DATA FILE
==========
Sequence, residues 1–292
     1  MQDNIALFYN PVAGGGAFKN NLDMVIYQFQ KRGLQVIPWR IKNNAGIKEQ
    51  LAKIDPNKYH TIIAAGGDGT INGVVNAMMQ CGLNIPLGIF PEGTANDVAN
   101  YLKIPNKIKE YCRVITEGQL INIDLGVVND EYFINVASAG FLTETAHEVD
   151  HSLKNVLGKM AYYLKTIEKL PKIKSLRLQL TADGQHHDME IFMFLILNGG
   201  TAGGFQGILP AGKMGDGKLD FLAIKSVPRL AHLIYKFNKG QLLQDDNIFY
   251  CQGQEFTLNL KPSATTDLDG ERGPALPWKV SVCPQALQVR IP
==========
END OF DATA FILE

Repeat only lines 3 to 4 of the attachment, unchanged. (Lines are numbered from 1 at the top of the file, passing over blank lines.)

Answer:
    51  LAKIDPNKYH TIIAAGGDGT INGVVNAMMQ CGLNIPLGIF PEGTANDVAN
   101  YLKIPNKIKE YCRVITEGQL INIDLGVVND EYFINVASAG FLTETAHEVD